by Liz Walter
‘When sorrows come, they come not single spies, but in battalions.’ So said Claudius in Shakespeare’s Hamlet. As a general rule, grief and sadness are more interesting to writers and poets than happiness, and there are many fine descriptions in literature. However, in this post, I want to focus on language that we use in everyday speech.
Firstly, it is obviously very important to use phrases that are suitable for the level of trauma involved. You might describe someone as down in the dumps or down in the mouth if, for instance, they did badly in a job interview or failed an exam. Similarly, the phrase out of sorts is used mainly for someone who is usually cheerful, but simply seems a bit glum at the moment. However, if the sadness is caused by something serious like a bereavement (= when someone dies), those phrases would sound too trivial.
For that kind of situation, we could say that they are broken-hearted or completely grief-stricken. In British English, we talk about people being knocked sideways or knocked for six in order to emphasize their shock and pain. If someone is extremely upset about something, we can say they have taken it hard.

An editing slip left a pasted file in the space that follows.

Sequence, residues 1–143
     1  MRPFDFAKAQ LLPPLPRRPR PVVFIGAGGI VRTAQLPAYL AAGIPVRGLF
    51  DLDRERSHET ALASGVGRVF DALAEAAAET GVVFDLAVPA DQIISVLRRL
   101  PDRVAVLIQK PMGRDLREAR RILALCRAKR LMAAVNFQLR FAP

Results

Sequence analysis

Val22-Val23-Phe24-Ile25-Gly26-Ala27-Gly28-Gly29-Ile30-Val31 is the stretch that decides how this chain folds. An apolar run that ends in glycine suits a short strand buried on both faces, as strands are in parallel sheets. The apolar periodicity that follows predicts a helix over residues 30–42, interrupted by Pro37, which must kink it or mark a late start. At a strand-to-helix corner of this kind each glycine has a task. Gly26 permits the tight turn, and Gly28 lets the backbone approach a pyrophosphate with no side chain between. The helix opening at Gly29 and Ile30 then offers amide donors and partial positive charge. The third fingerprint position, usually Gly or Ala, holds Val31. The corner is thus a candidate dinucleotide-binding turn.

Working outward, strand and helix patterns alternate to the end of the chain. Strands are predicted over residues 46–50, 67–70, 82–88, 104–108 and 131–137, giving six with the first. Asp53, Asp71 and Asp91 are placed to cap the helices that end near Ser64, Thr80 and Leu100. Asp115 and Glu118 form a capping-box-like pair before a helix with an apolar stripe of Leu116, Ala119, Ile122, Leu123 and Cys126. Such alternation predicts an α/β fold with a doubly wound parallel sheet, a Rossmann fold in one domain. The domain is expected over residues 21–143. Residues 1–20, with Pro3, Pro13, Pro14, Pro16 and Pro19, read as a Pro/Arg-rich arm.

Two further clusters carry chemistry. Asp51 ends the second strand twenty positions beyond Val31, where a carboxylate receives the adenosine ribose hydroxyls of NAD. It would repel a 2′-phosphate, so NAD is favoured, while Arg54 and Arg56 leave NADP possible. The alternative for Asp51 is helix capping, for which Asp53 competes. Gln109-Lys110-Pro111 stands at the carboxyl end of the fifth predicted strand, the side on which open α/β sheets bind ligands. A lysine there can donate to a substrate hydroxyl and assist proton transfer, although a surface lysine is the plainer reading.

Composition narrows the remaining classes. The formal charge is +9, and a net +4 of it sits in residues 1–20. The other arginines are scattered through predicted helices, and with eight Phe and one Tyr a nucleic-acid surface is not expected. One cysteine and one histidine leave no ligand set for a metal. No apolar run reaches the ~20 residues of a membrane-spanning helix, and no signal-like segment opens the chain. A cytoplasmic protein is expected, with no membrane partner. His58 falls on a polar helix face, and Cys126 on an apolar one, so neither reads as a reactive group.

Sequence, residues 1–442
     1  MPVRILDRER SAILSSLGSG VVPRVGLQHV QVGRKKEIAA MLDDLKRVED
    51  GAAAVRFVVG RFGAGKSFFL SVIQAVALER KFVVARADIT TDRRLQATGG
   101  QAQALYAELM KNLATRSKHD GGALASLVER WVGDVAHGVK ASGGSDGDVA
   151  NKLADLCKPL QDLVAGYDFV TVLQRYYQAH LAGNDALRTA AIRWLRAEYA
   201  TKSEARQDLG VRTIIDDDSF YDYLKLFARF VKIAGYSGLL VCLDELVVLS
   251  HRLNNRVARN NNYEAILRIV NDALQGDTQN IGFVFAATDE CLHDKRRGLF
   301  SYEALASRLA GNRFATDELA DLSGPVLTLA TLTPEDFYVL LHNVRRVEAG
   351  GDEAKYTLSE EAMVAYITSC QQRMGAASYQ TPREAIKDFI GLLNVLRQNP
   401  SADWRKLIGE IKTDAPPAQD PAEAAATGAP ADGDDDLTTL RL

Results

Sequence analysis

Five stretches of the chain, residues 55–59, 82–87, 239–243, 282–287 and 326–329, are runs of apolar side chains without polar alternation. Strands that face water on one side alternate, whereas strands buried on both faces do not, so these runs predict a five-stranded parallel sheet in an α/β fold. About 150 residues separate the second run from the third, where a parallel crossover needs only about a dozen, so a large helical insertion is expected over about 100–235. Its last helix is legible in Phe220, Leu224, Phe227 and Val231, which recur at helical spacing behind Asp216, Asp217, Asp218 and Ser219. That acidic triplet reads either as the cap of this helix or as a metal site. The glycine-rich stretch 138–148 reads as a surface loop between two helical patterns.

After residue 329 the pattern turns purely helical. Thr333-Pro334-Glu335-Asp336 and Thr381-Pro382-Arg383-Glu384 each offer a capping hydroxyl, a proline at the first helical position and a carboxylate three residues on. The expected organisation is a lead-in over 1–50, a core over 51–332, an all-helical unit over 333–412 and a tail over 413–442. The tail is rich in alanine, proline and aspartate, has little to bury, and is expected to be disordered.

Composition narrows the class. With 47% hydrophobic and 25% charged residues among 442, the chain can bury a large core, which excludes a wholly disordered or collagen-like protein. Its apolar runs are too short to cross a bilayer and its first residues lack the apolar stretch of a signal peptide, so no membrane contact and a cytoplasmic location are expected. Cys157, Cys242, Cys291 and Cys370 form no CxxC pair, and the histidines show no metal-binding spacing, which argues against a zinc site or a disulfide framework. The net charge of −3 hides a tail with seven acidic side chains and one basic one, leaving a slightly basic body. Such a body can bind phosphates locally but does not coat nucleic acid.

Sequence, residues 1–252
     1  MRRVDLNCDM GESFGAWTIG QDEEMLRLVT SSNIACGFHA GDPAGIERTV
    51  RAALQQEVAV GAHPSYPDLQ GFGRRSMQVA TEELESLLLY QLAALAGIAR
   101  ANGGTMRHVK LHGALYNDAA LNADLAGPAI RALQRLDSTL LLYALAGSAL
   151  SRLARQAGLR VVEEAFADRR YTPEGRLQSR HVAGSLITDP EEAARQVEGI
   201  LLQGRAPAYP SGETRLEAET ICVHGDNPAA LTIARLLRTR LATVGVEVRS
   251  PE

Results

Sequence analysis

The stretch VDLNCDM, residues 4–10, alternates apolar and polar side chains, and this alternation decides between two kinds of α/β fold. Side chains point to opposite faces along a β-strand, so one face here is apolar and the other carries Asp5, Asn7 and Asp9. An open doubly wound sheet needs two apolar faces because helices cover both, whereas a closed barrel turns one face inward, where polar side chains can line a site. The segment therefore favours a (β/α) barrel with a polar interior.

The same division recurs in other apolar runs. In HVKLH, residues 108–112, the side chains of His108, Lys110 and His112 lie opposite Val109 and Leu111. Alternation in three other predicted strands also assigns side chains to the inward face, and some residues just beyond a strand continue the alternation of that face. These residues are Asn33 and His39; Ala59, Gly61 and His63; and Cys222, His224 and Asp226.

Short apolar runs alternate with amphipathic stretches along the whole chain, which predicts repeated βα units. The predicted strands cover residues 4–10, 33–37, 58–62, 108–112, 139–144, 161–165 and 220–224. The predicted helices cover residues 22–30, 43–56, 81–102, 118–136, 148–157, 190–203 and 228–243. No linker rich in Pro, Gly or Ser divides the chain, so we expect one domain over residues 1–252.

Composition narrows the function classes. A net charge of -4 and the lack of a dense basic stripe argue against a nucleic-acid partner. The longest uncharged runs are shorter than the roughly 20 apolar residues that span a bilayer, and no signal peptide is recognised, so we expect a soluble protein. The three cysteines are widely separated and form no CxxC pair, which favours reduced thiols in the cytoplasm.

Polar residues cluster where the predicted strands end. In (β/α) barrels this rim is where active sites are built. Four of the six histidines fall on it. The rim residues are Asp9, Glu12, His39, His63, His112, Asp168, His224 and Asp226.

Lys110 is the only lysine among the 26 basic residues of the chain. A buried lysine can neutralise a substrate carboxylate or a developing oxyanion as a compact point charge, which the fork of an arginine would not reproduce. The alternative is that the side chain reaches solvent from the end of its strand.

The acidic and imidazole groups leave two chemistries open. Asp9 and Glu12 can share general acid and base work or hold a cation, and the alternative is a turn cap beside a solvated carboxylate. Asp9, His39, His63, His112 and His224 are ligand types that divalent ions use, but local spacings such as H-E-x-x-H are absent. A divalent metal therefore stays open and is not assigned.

An informal but emphatic phrase, which seems to have become much more common recently, is to say that someone is in bits. Strangely enough, it doesn’t have any negative connotation, whereas if you say that someone has gone/fallen to pieces or fallen apart, it can sound slightly judgmental, as if they are failing to cope with what has happened.
A continuing bad situation can get you down or cast a shadow over everything, while if you feel as if you are carrying sadness inside you, you might describe yourself as having a heavy heart. We often talk about doing something with a heavy heart when we are forced into an action that makes us sad. If something makes you feel as though you want to cry, we say that it brings a lump to your throat, and if you well up, tears come into your eyes, and you might even burst into tears.
However, as sad as life can be, we don’t like people who mope around (= act in a miserable way) or wallow in their sadness (= make no effort to recover, as if they are enjoying it). If we are brave (or rude) enough, we might ask them to pull themselves together (= act in a more sensible way).